Tuesday, June 13, 2006

Beside the Point: Apocalyp$e Now

Here's a great post from Paul at his blog that you knights may want to debate...

Beside the Point: Apocalyp$e Now

4 comments:

  1. Consumerism is indeed common among Americans, and we are right to be concerned like Paul. The question is how much of consumerism is a function of being more worldly and how much is simply a function of being no longer poor? A lot of our grandparents were frugal simply because there was not enough wealth to be able to spend idly. Alternatively when the poor were consumeristic, it wasn't noticed.
    One must distinguish between absolute ammount of resources devoted to idleness, and proportion.
    I don't think it is a sign of the end-times; others have been consumeristic before us. Even the poor. In time gone by soldiers and sailors would usually waste their pay on dissipation, for instance-that is how the ruling classes managed to find people for such unpleasant jobs. The rich would be consumeristic in their own manner which resembled that of today.
    Now a greater proportion of the country has the power to be noticed at their consumerism. The proportion of people who habitually either reinvest, or like to spend on such items as are vaguely regarded as "classy" remains the same.
    Also pride is universal element in humanity. And perhaps that is a part of consumerism; spending for the purpose of one-uping one's neighbors rather then personal enjoyment. That may be less harmful then other kinds of pride.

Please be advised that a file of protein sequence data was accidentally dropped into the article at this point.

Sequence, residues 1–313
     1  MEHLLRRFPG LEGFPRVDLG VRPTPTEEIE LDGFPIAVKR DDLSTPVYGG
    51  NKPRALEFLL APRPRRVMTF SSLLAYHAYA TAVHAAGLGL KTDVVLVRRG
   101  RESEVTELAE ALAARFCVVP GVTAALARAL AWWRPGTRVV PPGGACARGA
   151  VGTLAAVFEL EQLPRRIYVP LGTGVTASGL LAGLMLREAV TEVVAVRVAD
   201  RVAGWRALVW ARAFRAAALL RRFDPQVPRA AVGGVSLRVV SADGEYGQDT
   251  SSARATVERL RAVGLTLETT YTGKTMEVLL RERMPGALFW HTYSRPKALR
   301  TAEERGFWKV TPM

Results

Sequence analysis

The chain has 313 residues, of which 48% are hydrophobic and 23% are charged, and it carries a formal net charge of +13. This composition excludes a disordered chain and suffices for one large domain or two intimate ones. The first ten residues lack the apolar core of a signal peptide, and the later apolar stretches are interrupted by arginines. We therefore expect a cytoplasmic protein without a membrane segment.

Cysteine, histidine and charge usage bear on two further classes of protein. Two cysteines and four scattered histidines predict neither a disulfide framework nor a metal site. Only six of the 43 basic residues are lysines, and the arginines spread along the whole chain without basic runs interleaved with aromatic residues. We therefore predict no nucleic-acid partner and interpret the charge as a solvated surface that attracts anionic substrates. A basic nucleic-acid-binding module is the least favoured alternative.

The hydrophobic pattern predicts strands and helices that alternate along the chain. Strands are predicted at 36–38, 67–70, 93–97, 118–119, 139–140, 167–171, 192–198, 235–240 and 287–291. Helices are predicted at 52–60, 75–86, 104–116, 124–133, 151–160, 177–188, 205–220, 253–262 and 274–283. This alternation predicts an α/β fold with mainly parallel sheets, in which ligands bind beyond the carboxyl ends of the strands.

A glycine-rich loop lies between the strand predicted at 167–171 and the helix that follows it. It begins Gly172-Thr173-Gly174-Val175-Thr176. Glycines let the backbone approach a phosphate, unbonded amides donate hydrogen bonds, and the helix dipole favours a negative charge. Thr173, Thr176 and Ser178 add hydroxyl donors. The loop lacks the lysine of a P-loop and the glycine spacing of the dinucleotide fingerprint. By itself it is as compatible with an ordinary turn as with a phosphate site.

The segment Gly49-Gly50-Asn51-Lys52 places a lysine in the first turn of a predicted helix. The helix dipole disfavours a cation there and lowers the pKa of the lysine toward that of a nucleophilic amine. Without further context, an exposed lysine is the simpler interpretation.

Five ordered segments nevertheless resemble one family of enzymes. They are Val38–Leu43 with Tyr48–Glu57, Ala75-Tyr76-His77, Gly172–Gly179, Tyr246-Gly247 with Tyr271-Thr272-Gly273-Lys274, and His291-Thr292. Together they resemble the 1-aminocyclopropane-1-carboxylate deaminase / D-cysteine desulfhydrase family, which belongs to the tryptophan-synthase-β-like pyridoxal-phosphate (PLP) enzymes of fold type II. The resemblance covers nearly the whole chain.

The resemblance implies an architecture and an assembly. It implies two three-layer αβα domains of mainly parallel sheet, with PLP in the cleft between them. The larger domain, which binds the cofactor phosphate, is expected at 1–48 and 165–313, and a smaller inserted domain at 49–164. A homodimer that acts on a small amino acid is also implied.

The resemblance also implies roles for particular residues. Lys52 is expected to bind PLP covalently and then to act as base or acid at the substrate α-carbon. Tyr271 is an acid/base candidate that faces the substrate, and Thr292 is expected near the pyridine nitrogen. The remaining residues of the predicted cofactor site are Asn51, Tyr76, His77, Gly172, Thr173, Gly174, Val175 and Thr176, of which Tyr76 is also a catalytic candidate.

Also there are a number of people out there searching for a meaning in life. When they can't find it they drown their sorrows in-whatever. Maybe they do feel the end-times coming, but could it be they feel their individual end, approaching?
    In any case in a cynical sort of way I am glad. As man's heart is wicked perhaps it is better that we pick intemperence as our national vice then say, hatred of the foreigner?

    Sir Jason the Longwinded

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  2. Since you brought up intemperance in the context of nations, Sir Jason, wouldn't you argue that nations that practice economic temperance tend to fare better historically than those that don't? And coincidentally, don't those nations tend to be (since the fall of Rome, anyway) Western nations driven by Judeo-Christian values and work ethics?

    If so, doesn't Japan's rise to economic power demonstrate a departure from that pattern (affluence through Judeo-Christian influence), and in conjunction with the West's general slide from "Christian stewardship" portend an ominous result?

    Sir Chuck of the Doom and Gloom

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  3. Since you brought up intemperance in the context of nations, Sir Jason, wouldn't you argue that nations that practice economic temperance tend to fare better historically than those that don't? And coincidentally, don't those nations tend to be (since the fall of Rome, anyway) Western nations driven by Judeo-Christian values and work ethics?
    ________________________________

    Work-ethic is a good value for nations. I once described the Republic of Venice toward it's last century, "They had been accused of all other vices, but they had never before been accused of sloth".
    Poverty is often the result of a sort of catch 22. In many nations, a gain in fortune will bring, not admiration of a persons diligence and intelligence, but simply envy. And in many the ruling class is fixed and permanent. As a result their is no motive to work; the poor will get troden down if they rise up, and the rich are idle. This sad situation continues until society disintegrates. Or it continues forever.